What is working memory?
It’s part of a group of skills called executive function that includes skills that enables students to plan, focus attention, control impulses, prioritize tasks, set and achieve goals.
Working memory refers to how students hold on to and work with information that short-term memory stores, in other words short-term memory.
Students use working memory to learn and follow directions. There are many ways to improve working memory of students in the classroom.
How can you work memory?
1. Draw pictures of stories.
Read or tell folktales and encourage kids to create a picture in their mind of what they’ve heard. Then have them draw a picture.
2. Play matching games.
Think of the classic game Concentration or sometimes called Memory. You can turn many academic skills into a memory game. I use rhyming memory, dot cards/numbers, sight words etc. Make 2 copies and turn just about any skill into a game.
📌THIS IMAGE FOR LATER
|Click to check out Rhyming Memory Game|
3. Search printed materials.
Give kids a magazine page and ask them to cut out a letter you are studying or words (the). They have to hold the letter/word in their minds as they search (have them cut out the words/letters and paste to a paper…fine motor work…WIN WIN! Check out 8 Fine Motor Activities for the Classroom.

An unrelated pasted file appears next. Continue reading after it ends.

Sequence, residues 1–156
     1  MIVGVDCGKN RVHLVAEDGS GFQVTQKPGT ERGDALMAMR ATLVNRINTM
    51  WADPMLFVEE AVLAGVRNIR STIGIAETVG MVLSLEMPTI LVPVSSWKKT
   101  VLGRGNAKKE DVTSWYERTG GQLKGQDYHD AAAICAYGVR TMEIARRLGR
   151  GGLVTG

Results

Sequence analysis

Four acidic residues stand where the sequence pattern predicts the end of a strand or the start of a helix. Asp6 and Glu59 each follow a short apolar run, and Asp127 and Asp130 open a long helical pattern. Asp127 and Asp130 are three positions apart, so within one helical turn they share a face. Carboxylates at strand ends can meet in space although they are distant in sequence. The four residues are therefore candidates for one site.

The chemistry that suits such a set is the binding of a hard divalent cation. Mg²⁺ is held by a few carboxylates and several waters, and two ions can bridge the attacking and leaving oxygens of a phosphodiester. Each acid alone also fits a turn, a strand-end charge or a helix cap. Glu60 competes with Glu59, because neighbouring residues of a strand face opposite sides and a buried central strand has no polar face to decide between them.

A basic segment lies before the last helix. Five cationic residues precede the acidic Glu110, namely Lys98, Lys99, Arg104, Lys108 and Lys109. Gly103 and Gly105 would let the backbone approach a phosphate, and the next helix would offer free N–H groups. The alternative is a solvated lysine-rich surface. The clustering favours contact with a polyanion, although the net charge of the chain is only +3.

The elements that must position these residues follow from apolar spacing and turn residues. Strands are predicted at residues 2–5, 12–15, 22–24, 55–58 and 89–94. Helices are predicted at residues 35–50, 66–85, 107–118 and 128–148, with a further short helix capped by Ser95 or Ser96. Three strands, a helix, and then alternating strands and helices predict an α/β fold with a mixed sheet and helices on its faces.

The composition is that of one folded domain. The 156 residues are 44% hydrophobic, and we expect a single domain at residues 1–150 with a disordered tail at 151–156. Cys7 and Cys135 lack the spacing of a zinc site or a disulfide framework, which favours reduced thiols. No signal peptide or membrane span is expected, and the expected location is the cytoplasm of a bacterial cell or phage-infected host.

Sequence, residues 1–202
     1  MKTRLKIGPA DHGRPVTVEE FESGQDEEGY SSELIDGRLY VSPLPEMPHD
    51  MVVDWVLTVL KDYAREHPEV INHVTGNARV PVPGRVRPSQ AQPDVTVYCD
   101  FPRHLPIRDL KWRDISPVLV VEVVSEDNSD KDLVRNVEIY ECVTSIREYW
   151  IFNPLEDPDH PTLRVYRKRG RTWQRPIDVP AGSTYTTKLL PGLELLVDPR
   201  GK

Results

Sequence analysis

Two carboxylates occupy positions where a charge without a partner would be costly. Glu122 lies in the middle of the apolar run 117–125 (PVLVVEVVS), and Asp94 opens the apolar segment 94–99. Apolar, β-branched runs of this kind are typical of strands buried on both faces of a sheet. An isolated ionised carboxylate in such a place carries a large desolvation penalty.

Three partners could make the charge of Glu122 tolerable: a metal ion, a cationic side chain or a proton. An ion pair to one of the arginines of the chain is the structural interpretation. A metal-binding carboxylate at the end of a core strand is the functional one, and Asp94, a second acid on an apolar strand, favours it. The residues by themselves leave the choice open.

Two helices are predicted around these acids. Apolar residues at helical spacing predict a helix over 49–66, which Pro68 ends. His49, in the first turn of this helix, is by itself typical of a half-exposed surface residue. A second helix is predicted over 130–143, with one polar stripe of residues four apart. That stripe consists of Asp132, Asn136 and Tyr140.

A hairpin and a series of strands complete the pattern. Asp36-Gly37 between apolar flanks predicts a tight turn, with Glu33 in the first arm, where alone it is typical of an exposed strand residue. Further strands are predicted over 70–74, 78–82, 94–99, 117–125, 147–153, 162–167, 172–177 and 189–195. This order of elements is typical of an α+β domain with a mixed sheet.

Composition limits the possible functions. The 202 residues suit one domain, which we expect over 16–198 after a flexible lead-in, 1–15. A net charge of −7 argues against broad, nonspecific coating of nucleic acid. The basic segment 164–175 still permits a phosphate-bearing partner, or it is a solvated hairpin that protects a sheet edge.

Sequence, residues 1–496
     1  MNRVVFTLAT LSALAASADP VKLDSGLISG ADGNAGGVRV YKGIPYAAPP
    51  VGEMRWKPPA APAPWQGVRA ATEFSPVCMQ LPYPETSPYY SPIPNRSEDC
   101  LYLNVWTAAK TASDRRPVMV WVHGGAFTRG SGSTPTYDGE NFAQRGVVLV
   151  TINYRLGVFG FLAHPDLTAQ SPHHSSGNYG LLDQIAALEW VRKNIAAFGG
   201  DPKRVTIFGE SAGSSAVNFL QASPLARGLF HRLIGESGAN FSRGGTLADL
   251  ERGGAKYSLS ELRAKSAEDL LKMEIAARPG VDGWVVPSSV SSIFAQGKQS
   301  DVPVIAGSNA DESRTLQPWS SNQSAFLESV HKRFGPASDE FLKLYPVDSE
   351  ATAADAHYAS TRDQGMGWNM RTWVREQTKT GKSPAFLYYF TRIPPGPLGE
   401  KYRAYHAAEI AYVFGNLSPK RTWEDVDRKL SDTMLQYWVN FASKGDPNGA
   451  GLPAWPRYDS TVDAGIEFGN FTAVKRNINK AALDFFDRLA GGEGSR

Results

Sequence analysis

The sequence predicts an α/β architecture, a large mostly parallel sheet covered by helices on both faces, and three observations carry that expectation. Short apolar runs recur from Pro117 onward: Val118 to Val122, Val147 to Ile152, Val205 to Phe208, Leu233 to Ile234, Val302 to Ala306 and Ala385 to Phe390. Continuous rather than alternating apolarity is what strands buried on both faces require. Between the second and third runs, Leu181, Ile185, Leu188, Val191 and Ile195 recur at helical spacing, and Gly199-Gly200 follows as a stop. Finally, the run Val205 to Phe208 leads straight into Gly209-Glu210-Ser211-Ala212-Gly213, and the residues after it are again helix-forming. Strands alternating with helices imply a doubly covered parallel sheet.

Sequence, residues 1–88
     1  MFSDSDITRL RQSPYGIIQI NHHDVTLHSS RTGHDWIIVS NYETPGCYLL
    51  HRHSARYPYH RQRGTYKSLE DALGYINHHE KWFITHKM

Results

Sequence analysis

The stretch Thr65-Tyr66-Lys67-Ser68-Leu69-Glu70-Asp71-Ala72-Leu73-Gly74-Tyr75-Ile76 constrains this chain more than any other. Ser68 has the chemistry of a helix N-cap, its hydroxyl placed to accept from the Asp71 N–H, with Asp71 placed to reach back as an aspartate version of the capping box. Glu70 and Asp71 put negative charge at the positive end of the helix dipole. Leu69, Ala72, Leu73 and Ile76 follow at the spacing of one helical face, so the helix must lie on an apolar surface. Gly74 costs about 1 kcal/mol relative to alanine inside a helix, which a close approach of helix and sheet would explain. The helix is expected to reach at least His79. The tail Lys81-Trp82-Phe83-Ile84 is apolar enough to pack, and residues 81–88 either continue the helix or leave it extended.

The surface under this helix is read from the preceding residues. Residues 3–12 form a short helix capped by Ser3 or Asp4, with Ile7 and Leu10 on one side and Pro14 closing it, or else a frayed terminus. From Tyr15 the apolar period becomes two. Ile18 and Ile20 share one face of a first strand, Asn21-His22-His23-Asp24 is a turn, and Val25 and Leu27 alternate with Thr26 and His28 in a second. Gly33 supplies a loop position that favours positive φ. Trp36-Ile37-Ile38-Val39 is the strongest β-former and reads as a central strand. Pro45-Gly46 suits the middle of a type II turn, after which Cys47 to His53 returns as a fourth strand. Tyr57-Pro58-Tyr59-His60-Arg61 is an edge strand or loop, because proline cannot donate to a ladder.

4. Have children teach other children.
Being able to explain how to do something involves making sense of information and mentally filing it. Have students partner up and teach each other. Teaching each other makes them work together right away instead of waiting to be called upon in class.
5. Play cards at recess or at centers.
Simple card games like Crazy Eights, Uno, Go Fish, and War can improve working memory. Check out all the “educational” games I use in my classroom HERE.
Like all games:
- They have to keep the rules of the game in mind.
- They also have to remember what cards they have and which ones other people have played.
- They need to remember when to take a turn.
6. Encourage active reading.
Talking out loud and asking questions about the reading material can also help with working memory. Interactive read aloud makes it happen easily. So stop as you read and discuss the ideas that pop into the kiddos’ heads or make an effort to review and discuss as you read….don’t wait to just the end!
📌THIS IMAGE FOR LATER
7. Chunk information into smaller bites.
Ever wonder why phone numbers and social security numbers have hyphens in them? Because it’s easier to remember 3-4 numbers than it is to remember one long string of numbers.
Keep this in mind when giving multi-step directions.
- Give 1 direction at a time.
- Make them repeat it out loud and then in their heads.
- Have them practice saying the directions over and over as they move.
Card games, visualization and other fun activities can help build working memory so be sure to incorporate it as much as possible.